On Ways We Want NCLB to Fail

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One of the NCLB provisions gauged by ECS was the law's requirement that states do a better job of ensuring that all teachers receive "high quality" professional development (again, to each state its own definition). ECS reports that not a single state appears to be on track to improve their professional development. An expression comes to mind?Phew!

There's an easy argument to make here that one of the reasons professional development for teachers is so awful is because these state entities thrice removed from the classroom have always been in charge. One can only shudder at the prospect of 50 state departments of education, each happy to take their slice of this $3 billion federally-funded pie, freshly seized with good intentions to do it all better this time around. They'll assemble their usual cast of characters to a series of planning meetings to earnestly debate the differences between good and bad professional development, nodding in agreement over the same tiresome platitudes about "what we now know about good professional development." The results are likely to be an arduous set of directives sent down with much fanfare to the school districts, which in turn will issue equally tortuous memoranda on pink (urgent!) paper that is sent down to the schools.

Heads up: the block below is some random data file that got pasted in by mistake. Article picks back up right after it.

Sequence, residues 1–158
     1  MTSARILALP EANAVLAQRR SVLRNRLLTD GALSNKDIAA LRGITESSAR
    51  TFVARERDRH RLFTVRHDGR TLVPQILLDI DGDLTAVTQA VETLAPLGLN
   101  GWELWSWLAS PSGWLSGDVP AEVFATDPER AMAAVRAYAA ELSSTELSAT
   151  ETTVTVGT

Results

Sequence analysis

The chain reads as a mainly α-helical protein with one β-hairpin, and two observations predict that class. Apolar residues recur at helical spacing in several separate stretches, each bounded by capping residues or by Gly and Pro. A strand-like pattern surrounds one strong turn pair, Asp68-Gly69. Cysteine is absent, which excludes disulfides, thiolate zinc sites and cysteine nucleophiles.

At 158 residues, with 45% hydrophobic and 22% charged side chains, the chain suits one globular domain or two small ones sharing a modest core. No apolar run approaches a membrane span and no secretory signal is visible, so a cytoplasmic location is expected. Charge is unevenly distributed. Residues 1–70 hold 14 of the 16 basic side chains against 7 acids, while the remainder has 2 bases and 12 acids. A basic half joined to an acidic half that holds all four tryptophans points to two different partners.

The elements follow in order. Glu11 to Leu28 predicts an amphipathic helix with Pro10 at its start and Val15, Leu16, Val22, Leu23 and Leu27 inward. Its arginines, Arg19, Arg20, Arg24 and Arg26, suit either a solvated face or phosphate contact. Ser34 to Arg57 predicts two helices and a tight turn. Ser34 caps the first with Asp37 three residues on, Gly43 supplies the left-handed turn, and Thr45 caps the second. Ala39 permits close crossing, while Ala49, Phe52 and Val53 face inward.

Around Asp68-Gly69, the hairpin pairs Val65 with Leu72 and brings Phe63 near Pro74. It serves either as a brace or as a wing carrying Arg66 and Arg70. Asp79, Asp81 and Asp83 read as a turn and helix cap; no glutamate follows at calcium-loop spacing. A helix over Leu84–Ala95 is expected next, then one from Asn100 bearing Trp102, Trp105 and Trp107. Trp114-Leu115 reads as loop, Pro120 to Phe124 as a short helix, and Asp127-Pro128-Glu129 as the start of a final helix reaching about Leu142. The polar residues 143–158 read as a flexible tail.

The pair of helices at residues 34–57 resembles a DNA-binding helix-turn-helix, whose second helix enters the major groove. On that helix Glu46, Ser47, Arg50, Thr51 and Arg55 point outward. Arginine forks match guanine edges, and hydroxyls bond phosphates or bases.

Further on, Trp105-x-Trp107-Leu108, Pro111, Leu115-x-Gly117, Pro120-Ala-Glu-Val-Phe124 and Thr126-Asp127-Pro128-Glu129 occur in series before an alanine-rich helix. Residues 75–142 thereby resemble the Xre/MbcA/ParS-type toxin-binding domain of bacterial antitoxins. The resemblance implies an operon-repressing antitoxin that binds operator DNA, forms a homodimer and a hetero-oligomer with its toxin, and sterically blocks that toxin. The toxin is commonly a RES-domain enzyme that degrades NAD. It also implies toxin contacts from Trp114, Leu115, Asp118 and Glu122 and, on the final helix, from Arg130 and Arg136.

At the end of this interminable pipeline is the classroom teacher who will once again be required to sit through the state's latest and greatest thoughts on how to improve her classroom. The only difference will be that she can be certain that it meets the state's definition of "high quality professional development" and that she now has to fill out a series of surveys to let the state know how it really did help her to be a better teacher. None of this top-down activity is likely to lead to more productive professional development?since doing so would require that the state and district headquarters withhold their ideas and opinions, however well meaning, and let schools decide what to do within some reasonable accountability structure. There's got to be a responsible way to simply give schools the freedom to decide what they need to do to improve instruction, including the highly effective, but far too simple idea, of buying teachers' time to let them work together.

The US Department of Education is less cynical than we are and has an effort under way to show states how they might start measuring the impact of their professional development. They've funded a $5 million pilot project involving 60 schools in 14 districts across eight states. Officials hope to learn whether software can be used to track and analyze the effectiveness of a district's professional development programs.